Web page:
5 Ways to Get More Natural Light in Your Home
The importance of natural light to our circadium rythm and general well being has. been scientifically proven. Natural light is good for you. There is a reason why you are drawn to interiors with big windows and lots of light. Think about how you feel on a rainy, gloomy day versus a sunny day. Does the weather affect your mood? What if it rained 365 days a year and the sun never came out? You don't have to read any scientific studies to know that your mood and general wellbeing would be seriously affected.
Light is critical to the overall mood of both you and your home. Here are some tips to make sure the lighting in your home isn't mimicking a cloudy day. Let there be light!
You should open your curtains, draw your shades, and let in as much light as you can daily. Your window treatments ideally would not cause you to lose any light when opened.
Curtains should not cover any glass when open. And I always opt for exterior mount shades. Interior mount shades are light killers. And Plantation shutters are always a mistake. Not only are they dated but they are the biggest light killers of all. If you have them I suggest removing them enturely. I know, I know, they were insanely expensive. But you'll be in such a good mood when they come off you wont even care that you wasted money on them :). Plus your house will look a lot more up to date.
Exterior mount roman shades in one of the living rooms I designed.
Most window panes are adhered on to a solid piece of glass and can be removed without damaging the window. I've removed window panes in a client's house before. Not only did it let it more light but the windows looked larger and more modern. Don't believe me? Take painters tape and cover your window as if you were adding panes. You will see that you lose some light and it all adds up across your entire home! Not only will removing panes make your house brighter, your windows will look larger.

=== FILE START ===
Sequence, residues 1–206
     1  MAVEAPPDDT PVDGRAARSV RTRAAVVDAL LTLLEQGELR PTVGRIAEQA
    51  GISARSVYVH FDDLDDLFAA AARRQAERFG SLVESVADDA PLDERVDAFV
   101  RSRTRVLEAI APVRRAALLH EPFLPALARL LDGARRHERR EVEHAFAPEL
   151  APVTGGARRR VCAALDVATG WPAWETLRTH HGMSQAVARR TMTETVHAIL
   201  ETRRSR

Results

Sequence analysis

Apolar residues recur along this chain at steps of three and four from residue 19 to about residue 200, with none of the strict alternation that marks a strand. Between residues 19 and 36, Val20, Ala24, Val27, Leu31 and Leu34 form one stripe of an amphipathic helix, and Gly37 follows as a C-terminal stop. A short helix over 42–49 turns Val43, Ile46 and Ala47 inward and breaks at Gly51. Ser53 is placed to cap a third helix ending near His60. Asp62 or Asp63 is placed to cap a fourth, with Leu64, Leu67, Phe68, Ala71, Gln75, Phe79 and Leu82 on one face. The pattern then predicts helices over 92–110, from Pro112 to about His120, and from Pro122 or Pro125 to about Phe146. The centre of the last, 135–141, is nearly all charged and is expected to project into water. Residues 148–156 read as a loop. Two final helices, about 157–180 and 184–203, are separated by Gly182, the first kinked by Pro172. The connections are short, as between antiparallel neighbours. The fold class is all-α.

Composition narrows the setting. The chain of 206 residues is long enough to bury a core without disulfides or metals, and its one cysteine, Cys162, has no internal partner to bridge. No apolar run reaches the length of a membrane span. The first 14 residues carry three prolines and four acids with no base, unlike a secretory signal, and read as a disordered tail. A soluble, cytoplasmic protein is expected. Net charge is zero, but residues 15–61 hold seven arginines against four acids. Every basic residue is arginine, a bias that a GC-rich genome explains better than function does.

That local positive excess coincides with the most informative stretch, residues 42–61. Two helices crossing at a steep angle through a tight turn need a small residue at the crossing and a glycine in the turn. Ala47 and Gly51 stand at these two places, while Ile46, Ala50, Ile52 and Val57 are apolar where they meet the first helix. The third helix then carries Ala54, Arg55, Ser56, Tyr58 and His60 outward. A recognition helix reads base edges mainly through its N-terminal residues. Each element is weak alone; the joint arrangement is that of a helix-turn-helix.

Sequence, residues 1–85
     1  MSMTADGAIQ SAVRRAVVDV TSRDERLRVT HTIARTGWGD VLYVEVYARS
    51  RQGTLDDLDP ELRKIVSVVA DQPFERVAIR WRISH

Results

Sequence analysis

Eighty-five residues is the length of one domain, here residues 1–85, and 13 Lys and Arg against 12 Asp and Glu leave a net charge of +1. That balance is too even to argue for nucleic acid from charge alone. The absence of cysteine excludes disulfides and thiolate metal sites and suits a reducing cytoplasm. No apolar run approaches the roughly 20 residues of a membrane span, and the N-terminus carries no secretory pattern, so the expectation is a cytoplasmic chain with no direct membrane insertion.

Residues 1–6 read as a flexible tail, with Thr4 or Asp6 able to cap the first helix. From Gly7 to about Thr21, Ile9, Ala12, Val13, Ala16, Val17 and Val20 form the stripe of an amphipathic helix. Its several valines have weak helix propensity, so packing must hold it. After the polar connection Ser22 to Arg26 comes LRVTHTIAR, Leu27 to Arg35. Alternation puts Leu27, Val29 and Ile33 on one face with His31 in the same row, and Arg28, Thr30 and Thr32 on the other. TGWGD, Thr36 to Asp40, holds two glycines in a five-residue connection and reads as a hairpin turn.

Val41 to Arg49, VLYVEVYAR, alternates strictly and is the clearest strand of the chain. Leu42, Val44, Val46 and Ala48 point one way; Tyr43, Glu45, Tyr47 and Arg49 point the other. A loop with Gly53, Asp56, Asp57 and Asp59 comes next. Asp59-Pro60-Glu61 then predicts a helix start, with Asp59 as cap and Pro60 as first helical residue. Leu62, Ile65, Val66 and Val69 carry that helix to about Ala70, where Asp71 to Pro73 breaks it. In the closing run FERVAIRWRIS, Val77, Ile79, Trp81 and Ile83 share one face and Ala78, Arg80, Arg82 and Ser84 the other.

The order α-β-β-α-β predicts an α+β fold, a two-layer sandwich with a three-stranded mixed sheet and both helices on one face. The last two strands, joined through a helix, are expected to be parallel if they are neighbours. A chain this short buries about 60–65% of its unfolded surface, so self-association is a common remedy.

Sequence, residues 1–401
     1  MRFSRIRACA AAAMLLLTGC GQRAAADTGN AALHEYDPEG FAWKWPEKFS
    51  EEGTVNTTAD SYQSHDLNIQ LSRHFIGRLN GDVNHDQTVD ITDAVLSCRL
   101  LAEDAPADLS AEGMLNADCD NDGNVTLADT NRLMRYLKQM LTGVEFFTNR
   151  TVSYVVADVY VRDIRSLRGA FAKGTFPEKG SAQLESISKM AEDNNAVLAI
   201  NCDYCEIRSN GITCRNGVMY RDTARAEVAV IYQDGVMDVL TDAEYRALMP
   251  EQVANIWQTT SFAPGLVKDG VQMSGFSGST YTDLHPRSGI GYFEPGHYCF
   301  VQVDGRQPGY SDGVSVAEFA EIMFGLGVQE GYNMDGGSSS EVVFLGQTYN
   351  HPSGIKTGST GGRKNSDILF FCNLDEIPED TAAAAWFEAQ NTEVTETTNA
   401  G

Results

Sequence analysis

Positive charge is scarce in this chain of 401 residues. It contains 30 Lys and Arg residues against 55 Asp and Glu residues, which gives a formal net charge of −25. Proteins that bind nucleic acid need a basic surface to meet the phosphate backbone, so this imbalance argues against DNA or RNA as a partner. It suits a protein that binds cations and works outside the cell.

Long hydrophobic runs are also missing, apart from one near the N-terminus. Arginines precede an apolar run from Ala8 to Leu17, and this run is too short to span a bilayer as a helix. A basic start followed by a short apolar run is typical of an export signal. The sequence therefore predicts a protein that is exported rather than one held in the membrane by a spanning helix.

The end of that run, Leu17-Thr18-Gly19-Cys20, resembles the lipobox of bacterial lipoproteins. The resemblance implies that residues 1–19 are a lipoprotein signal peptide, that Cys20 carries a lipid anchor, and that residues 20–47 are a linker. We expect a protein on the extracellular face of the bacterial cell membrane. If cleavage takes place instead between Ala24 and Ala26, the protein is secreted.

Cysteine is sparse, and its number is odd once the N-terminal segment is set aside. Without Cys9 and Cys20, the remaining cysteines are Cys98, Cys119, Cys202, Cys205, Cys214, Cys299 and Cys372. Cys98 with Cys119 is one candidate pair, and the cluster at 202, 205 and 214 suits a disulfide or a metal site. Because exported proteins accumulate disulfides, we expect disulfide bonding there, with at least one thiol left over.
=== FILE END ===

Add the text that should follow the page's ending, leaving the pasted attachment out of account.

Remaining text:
I actually just took my screens off my windows in my condo and I could not believe the difference! My windows look so much cleaner and my rooms are definitely brighter. And lets face it, screens are gross. When was the last time you opened the windows in your house and were thankful your windows had screens? And let's just say you do like having screens and opening your windows- I bet it's it's less than 2% of the time. So don't kill your natural light 100% of the time because you like the option of opening your windows a few times a year.
And if it's so nice outside-then be outside! You can light a candle to keep bugs away. Screens are gross and pointless.
THE RIGHT BULBS
When you can't have natural light or even when you can, the type of bulbs you use in your home really matter. For whatever reason, all of my clients husbands usually take over bulb duty and get everything from curly bulbs to bulbs that make the entire room look pink but are "energy efficient". I have changed so many bulbs in clients homes and they always think I changed their lamp shades! It makes a huge difference.
There are a million bulbs on the market and it can be overwhelming. There are also a lot of bulbs that claim to be "daylight" but are far from it. When choosing bulbs I go by the Kelvin temperature scale. I recommend all bulbs be in the 5,000-6,000 range. All bulbs should be clear or slightly blue (like some Reveal Bulbs). They should never be soft white, curly, or florescent.
art by Carole Marine
MY MOST CONTROVERSIAL OPINION
I'll just come right out and say it: I'm not a fan of porches. They are HUGE light killers. I know, I know, it seems all Norman Rockwell and sentimental to sit on the back porch eating watermelon and sipping lemonade in the summer. Let me clarify, I am not against having a great outdoor space to entertain and enjoy. However, when that space is off the back of your house or the front of your house it cuts your light by 50% (or more if your porch is deeper than 12 feet).
I live in Atlanta. We have terrible pollen in the spring and it's blazing hot all summer long. Everyone has porches. But I always ask people how much they really use them. It's less often than you think. Let's just say you do use them when the weather is nice. If the weather is nice enough to sit on your porch it's certainly nice enough to walk a few yards to another covered area that is just as beautiful and isn't killing the natural light in your home.
Don't make any decorating decisions based on less than 10% of the time that will affect your home 100% of the time.
So if you are building a new home, my advice is to go for the pavilion, Or at least make your outdoor space uncovered. There are tons of possibilities of gorgeous outdoor spaces that don't involve killing the natural light in your home.